“There are not enough hours in the day for a business owner to get all the things done on their “To Do List” when operating within a company. Add in having a family, friends, social life, community responsibilities and you’re basically running off fumes at the end of each week questioning is what you’re doing worth it. Luckily, today we are in a time where you can leverage “Outsourcing” in pretty much anything you do. Outsourcing not only applies in business it applies to everyday life tasks.” Posted on the DigitalMarketer.com blog.
Interesting video regarding: When Should You Outsource? The When, Why, & How of Outsourcing by Valerie Viramontes that I found on the DigitalMarketer.com blog.
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There are not enough hours in the day for a business owner to get all the things done on their “To Do List” when operating within a company. Add in having a family, friends, social life, community responsibilities and you’re basically running off fumes at the end of each week questioning is what you’re doing worth it. Luckily, today we are in a time where you can leverage “Outsourcing” in pretty much anything you do. Outsourcing not only applies in business it applies to everyday life tasks.
Don’t want to clean the house? Hire a house cleaner or cleaning service.
Hate cutting the lawn and doing yard work? Hire a landscaping company.
No time to walk the dog? Hire a dog walker.
Women, don’t want to carry a baby and go through the body expansion of childbirth? Hire a surrogate.
Kidding on the last one, since that is a major life decision, but you get the point!
Same rules apply in business!
How do you know when you’re ready to outsource jobs for your business?
First step to knowing is by taking an inventory of all the things you do day to day, input vs. output, for 1 week. Listing them out on a sheet of paper or e-note. Bonus points if you also write down how those jobs made you feel ex: proud, excited, happy, drained, stressed, anxious etc. After the week is up and you have that list, take 15 minutes to rate the task on a 1-4 scale:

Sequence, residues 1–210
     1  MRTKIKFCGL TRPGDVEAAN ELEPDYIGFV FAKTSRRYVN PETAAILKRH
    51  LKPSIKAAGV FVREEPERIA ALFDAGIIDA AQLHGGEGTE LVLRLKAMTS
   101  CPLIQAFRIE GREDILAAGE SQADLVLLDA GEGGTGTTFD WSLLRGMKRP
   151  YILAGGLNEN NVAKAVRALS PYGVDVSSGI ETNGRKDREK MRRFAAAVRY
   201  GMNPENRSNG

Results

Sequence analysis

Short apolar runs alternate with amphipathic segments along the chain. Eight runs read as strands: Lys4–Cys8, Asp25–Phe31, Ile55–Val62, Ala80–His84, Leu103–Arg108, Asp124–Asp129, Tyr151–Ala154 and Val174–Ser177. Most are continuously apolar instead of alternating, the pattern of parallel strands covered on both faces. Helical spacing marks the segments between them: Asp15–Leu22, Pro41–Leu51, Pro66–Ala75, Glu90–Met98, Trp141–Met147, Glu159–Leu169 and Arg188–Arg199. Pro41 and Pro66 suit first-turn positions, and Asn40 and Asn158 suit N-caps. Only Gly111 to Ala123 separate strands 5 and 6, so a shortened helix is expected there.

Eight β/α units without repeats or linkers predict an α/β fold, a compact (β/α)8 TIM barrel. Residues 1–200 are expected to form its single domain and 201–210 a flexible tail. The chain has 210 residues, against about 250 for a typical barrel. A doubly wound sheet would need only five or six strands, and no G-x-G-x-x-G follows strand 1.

1- You LOVE the task, it comes easy, fun, and you feel energized when doing it
2- You ENJOY the task, it’s easy for you to knock out quickly since it’s in your wheelhouse of expertise
3- You are NEUTRAL to the task, you don’t love it and you don’t hate doing it since you know it gets done and moves the business forward
4- You HATE this task, dread it every time you see it on your calendar, procrastinate, head for that extra snack you don’t need, and get on social media, when you think about having to do it.
After you’ve rated your tasks you can immediately see what you want to outsource first… All the 4’s! It’s a no brainer to stop doing anything that is not in your zone of genius and you’re forcing yourself to do. It’s an energy time suck to keep these tasks on your calendar and “To Do List”. By making the list you’ve started the job descriptions and can identify the role(s) you need to outsource.
Now, take a look at the 3s you’ve listed and add these duties to the outsource list and job description. The more time you spend on your 1 and 2 tasks the better off you and your business will be. The output will match the input and you’ll receive a greater return on energy.
You can take the rating a step further and put a dollar amount to the duties being performed.
Is it a $10hr, $20hr, $50, $150, $300hr plus job?
$10 being market research, data entry, customer service, email and file organization
$20hr being graphic design, social media content curation, virtual assistant
$50-$150hr being bookkeeping, accounting, tech implementation, IT work
$300hr plus- being coaching staff, sales, copywriter fractional director level position CMO, CTO, CFO
*Hourly rates vary based on level of experience and where you’re outsourcing from.